Changing the White Male Face of the Tech Industry
by Joseph Mayton | Nov 14, 2014 | Technology | 0
On San Francisco’s Valencia Street, in the early morning, a group of people stand near a public bus stop. They aren’t waiting for public transport; they’re waiting for their hi-tech ride with tinted windows and Wi-Fi to take them to Google headquarters in Mountain View. Most striking about this group is the fact that the dozen people braving the chilly morning are all men. White men.
Over the past few months, campaigners pressured the largest tech companies, from Google and Facebook to Apple and Twitter, to release their diversity data for public knowledge. It became a major talking point for activists who demand change and equality for the tech sector.
Statistics Don’t Lie
The demographics of the top tech companies is vital to understand the failure of the industry to incorporate and recruit non-white men to their ranks.
In late August, Gigaom published a series of reports that detailed the diversity at tech companies
. And the reporting is not positive, at least not for women and minorities. Facebook is 69 percent male, Yahoo 62 percent, and Apple 70 percent. Pinterest, at only 60 percent men, is among the best in terms of diversity, along with eBay, which has 58 percent men. On the opposite end of the spectrum are Cisco (77 percent male employees), Intel (76 percent), and Microsoft (72 percent).
On top of hiring predominantly white men, pay is also something worth mentioning. The U.S. Census Bureau reported
that in Santa Clara Country, the median salary for men is around $91,000. For women, it hovers around $56,000. And according to a 2014
report, the pay gap is only growing wider with time.
Companies Pushing Forward
“Slate Magazine” does a lot of diversity coverage and, in a number of their reports
, they found women applicants who asked for a higher salary that would put them on par with their male coworkers were refused employment offers. These strong women were often seen as “abrasive” and counter to the existing office culture.
Companies like Facebook argue
they are simply hiring the most qualified candidates. Tech companies say that if women aren’t applying, they can’t hire them. There is some truth in that, but others point to the rise in women and minorities graduating from computer science programs across the nation as evidence that even as more and more minorities obtain degrees in tech-related fields, they remain on the sidelines as their white male counterparts gobble up jobs.
A “USA Today” analysis of a Taulbee Survey
showed that, while only two percent of technology workers in Silicon Valley are black and three percent Hispanic, this doesn’t measure up to the percentage of graduates from top universities. The report points out that in 2013, 4.5 percent of all new graduates in computer-related fields were African-American, and 6.5 percent were Hispanic. Even as the number of minority graduates rises, their employment in tech remains stagnant.
“They’re reporting two percent and three percent, and we’re looking at graduation numbers (for African Americans and Hispanics) that are maybe twice that,” Stuart Zweben, professor of computer science and engineering at The Ohio State University in Columbus, told “USA Today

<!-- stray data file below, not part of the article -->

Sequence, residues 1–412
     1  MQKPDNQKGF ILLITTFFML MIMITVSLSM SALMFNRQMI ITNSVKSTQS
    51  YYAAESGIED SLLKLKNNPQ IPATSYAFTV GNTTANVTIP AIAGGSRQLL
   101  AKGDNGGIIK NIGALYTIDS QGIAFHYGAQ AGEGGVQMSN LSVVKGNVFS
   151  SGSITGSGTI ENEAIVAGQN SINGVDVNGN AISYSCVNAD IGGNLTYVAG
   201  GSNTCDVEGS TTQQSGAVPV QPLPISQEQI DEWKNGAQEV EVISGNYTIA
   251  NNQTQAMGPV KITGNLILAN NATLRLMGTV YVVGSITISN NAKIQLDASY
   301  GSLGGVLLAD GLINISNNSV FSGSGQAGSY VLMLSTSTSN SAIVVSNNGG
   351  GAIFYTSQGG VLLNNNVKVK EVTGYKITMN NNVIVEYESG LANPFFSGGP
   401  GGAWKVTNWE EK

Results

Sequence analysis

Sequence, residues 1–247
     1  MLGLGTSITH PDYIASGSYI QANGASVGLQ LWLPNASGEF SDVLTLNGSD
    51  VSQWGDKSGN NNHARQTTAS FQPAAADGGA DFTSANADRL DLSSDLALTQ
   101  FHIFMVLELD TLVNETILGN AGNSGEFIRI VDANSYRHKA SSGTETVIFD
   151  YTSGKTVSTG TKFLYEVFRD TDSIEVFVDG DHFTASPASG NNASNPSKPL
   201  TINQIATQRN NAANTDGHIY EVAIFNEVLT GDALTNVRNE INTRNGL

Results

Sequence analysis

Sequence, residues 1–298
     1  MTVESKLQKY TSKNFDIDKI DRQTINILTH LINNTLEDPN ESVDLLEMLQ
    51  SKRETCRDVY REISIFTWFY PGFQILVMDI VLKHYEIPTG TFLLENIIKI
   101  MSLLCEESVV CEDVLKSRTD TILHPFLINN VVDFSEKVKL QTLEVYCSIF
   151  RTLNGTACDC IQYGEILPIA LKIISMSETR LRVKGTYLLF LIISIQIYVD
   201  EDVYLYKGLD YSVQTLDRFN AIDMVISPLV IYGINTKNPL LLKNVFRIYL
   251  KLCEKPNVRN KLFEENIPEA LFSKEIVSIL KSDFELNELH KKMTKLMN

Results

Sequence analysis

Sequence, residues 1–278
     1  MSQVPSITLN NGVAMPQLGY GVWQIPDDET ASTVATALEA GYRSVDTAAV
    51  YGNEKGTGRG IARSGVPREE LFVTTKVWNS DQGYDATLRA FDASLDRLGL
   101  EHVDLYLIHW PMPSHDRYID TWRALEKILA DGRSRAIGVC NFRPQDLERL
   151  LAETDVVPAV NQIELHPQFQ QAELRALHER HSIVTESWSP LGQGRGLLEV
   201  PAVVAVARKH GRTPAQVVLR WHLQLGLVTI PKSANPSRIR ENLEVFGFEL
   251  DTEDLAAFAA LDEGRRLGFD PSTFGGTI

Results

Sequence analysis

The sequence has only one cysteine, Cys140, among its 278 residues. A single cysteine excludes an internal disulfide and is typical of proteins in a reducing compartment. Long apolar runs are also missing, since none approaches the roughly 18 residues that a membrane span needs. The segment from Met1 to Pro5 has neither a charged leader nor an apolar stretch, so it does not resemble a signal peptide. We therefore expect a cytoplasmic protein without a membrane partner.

“Why are they not getting more of a share of at least the doctoral-granting institutions?” Zweben asked.
The Road Forward
Despite the negativity and pressure being focused on the tech sector, there is still hope for change. The outspoken new female leaders at a number of companies have helped to reframe the focus on getting more women and minorities into the job force. Leading by example is Maxine Williams, the Global Director of Diversity at Facebook.
She believes that the white male dominated talent pool has been the main obstruction for companies in hiring women and minorities. There are, however, means by which companies can attract and deliver more positions for non-whites.
Williams believes that the path forward includes enlarging the talent pool to include those new graduates who have been largely left aside during new rounds of hires.
“As far as we’re concerned, our strategy needs to be going to them, instead of expecting we will build it and they will come,” Williams said
She understands the need to diversify and increase the “color” at their offices, in the United States and abroad.
“If you think about the product we create and who the people are who use Facebook, 87 percent of them are not in North America,” she said. “So they do not look like Mark Zuckerberg, or the type of people you typically associate with Facebook. If we don’t get this thing right, why on earth would people choose us?”
The question is whether the momentum created over the past few months concerning diversity will continue. It has to, if people like Williams and others in top positions can make the changes to hiring policies that promote women and minorities. If not, what we are witnessing is lip service to a social problem that must be addressed. The status quo must go.